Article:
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PhD Thesis Proposal: Yanqiao Li



2:00pm - 4:00pm ET

Jackson Conf Rm (C232)/Online

For Zoom link, contact

"Pseudo-resonant switched-capacitor drive circuits for electrostatic loads"


In recent years, piezoelectric and other electrostatic actuators have gained traction in a variety of small-scale electromechanical applications including mm- and cm-scale robotics and human-tactile feedback (haptics) due to improved force-displacement, more flexible geometries, and smaller size compared to conventional electro-magnetic actuators. However, electrostatic actuators (including piezoelectric devices) typically require high-voltage drive signals to achieve maximum benefit; the use of these devices in small electromechanical systems further motivates stringent size and weight constraints of the drive circuitry. Example system constraints in 'micro' robotic applications include a need for drive voltages of hundred volts to several kilovolts, volume << 1 cm3, and weight <<1g.

This proposal explores new topologies and integration strategies for the drive circuitry for small-scale, high-voltage electrostatic actuators. Specifically the proposal outlines a reconfigurable series-parallel switched-capacitor (SC) DC-DC converter that can both provide the needed voltage conversion (boost) from a low-voltage supply or battery and control the actuator drive voltage waveform. Importantly, the proposed system is both efficient and small size. The SC driver can be modelled as a pseudo-resonant system which can both provide and recover the reactive (CV2) power which dominates power flow in typical electrostatic loads. The proposal will provide an overview of past work in electrostatic drive systems, including hard-switching drivers and strategies which use predominantly magnetic-boost topologies. An overview of the switched-capacitor approach will be provided in order to outline advantages of the pseudo-resonant SC converter. Implementation details of several integrated-circuit (IC) prototypes will be presented including the need for scalable high-voltage level shifters, local voltage references, and embedded control. Future work which extends the concept to other applications, specifically gate drivers for modern power semiconductor devices will be discussed.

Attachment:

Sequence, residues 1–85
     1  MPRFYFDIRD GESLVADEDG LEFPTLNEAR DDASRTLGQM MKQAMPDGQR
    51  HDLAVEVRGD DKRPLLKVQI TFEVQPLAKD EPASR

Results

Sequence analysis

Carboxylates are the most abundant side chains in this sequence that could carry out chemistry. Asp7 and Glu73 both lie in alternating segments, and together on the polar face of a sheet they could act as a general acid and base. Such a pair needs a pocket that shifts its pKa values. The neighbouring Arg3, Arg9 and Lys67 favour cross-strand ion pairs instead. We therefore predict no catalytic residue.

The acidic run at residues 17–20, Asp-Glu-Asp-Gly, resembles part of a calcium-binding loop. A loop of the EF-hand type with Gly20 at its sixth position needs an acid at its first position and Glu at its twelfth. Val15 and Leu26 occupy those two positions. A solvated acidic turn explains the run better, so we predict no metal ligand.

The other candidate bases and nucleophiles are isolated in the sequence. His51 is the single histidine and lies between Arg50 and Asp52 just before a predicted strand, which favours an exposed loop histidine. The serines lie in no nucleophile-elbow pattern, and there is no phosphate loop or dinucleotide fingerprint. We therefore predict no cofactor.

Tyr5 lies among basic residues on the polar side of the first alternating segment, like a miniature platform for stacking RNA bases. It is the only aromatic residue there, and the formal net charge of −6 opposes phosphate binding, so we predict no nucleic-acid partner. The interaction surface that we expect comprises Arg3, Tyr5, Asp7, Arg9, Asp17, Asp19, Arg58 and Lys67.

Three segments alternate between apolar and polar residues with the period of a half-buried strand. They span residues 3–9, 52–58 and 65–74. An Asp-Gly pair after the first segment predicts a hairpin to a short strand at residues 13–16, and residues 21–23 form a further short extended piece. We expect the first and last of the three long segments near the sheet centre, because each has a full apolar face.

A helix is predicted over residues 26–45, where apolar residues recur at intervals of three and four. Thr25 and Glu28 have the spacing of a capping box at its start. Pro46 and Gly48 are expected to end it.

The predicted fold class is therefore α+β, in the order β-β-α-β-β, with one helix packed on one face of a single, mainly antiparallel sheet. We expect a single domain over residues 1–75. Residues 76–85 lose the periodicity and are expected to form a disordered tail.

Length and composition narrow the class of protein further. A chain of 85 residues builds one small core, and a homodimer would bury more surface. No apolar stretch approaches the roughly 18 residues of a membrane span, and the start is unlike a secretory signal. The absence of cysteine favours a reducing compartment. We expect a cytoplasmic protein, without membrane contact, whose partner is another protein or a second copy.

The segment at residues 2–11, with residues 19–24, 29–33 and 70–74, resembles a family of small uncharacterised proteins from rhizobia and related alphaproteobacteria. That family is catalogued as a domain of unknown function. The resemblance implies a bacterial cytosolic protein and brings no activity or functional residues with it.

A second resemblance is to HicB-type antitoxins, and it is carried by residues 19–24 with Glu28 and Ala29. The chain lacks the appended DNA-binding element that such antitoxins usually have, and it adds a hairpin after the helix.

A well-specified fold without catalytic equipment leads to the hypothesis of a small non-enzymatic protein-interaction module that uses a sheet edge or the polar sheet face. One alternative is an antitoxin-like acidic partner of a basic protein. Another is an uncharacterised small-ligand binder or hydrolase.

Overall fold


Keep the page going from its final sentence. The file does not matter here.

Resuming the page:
Thesis Committee

  • Prof. Jason T. Stauth (Chair)
  • Prof. Charles R. Sullivan
  • Prof. John X.J. Zhang


For more information, contact Theresa Fuller at